Dominique: Who was your favorite designer/collection for this year’s show?

Christianah: I don’t know if I can answer that. I truly loved them all.

Dominique: As I’m sitting here and listening to you speak. Something just struck me. You are a trailblazer. You’ve created something that does not, or has not existed in the city of Chicago. Have you stopped to take that in?

Christianah: No, not really, I just do it… because it needed to be done. I know that our shows are different, and that’s what I strive for, to create an experience.

Dominique: Now that African fabric has been embraced by mainstream, what are your thoughts about that?

Christianah: I think it’s exciting. That’s another reason why we chose the “The Art of Fabric” as the theme for this year’s event. Even though it’s mainstream, I want to educate people on where the fabric comes from and it’s more than just fun and [aesthetically pleasing], a lot of history goes into making these fabrics. So, I think that’s important for the audience to know and learn… I mean, everything is being called African fabric now, and its just not. People like Stella Jean have made African Fabric really popular. Beyonce and Rihanna wear a lot of her work.

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Dominique: Educate me. What is the difference between true African Fabric and something that just looks like African Fabric? How can a person not well versed tell the difference?

Christianah: Let me say, for example, there’s a fabric called Adire. I’m Nigerian, and this is a fabric from my culture. There’s so much history in this fabric and something that not a lot of people use now. There’s a new material called Ankara, it’s African and used a lot in Africa but actually originates from Switzerland. …We didn’t do a lot of marketing around the education piece. We missed an opportunity to provide that educational aspect as well.

Dominique: What has been your biggest challenge, and where do you see AFW going?

Christianah: The first year was gaining awareness. We didn’t know what to expect, which was our biggest concern. Once we knew that we could attract the crowd it was a challenge to continue to build and grow to make it bigger and better each year. It’s a lot of pressure, because I always want to do better than the previous year. I eventually would like to see this become a weeklong event. Next year will probably stay three days.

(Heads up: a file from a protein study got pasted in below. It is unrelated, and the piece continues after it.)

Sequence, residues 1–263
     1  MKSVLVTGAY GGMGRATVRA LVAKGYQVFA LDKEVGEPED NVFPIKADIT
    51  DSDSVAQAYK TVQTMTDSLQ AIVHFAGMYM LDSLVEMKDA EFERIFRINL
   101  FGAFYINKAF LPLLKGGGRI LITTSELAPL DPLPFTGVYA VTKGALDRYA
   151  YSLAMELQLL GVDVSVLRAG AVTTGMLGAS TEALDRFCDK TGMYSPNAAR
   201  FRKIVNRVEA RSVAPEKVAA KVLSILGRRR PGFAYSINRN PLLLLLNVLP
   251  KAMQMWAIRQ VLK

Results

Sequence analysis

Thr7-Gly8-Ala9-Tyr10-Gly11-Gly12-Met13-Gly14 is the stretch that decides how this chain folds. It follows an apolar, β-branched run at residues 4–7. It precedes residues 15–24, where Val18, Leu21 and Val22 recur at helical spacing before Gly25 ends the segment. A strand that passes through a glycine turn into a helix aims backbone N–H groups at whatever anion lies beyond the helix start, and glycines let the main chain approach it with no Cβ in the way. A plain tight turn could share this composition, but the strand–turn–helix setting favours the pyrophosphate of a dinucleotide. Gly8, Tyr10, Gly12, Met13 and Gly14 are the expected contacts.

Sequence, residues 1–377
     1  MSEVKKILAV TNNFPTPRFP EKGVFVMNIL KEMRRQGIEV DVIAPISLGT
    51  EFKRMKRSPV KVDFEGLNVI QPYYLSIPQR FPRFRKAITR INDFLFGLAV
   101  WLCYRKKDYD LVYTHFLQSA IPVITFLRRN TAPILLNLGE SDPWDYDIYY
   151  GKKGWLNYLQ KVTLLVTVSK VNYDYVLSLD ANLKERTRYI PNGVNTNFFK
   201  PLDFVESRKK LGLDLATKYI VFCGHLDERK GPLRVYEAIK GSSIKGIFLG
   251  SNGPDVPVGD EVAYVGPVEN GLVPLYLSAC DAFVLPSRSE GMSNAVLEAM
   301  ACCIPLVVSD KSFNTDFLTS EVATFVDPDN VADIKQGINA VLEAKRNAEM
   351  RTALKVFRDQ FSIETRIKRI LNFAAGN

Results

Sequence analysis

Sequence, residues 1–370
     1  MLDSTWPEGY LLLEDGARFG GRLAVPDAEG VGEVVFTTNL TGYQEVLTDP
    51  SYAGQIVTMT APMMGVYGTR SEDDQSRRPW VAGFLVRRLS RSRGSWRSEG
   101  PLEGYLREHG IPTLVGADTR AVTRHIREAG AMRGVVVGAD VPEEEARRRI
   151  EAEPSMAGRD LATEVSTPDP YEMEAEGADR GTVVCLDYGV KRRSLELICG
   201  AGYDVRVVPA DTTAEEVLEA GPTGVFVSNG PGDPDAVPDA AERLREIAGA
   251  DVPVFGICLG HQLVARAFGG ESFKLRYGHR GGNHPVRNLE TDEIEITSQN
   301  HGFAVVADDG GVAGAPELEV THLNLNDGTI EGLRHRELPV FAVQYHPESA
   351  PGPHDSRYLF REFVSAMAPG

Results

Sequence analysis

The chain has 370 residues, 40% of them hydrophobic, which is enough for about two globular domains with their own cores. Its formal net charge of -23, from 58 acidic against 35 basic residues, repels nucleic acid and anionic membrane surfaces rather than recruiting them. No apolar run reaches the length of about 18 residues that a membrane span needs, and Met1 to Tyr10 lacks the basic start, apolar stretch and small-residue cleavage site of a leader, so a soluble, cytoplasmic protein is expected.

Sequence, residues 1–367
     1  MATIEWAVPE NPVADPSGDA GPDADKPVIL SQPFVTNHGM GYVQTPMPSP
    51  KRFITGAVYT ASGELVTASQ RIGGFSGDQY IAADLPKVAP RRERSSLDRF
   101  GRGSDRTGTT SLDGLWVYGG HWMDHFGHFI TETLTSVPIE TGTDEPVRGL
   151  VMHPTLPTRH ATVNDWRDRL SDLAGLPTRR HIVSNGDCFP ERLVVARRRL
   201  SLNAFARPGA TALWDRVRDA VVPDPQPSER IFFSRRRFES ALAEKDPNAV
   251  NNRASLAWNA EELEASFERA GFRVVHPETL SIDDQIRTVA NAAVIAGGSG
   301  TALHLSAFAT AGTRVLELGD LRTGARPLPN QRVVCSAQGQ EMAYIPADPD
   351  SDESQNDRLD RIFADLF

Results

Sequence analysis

Dominique: One thing that I’ve noticed in Chicago is duplication of services and products. How do you stay focused on collaboration to minimize duplicating services and build your network?

Christianah: I’m really big on collaborating. I want to meet people. I feel like the purpose of AFW is beyond me, it’s to benefit other people. It’s not to bring shine to myself it’s to bring shine to the designers. I don’t believe in creating unnecessary competition. I don’t believe in competition, I don’t bring it into the things that I do. I believe in staying in my own lane.

Dominique: What advice would you give to designers, entrepreneurs, people trying to get into the field?

Christianah: There’s a lot of chaos that goes into [things], but I love the chaos, that’s why I do it. If you’re interested in doing something, especially if you’re creative…just do it! Do the research, do as much as the legwork you need to do and just do it.

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Dominique: My last question. How else are you involved in the community, or other civic work that you may be doing aside from AFW?

Christianah: Eventually, I’d like us to grow into an organization that gives back. We’re still trying to figure out the logistics of how we see AFW creating a space to give back. Right now, we’ve created an opportunity and space for people to show their work and network, but I’d like for us to continue to work on developing a platform to give back.

If you’re interested in following Christianah and AFW, please follow them on Twitter  @afwchicago or visit the website afwchicago.com.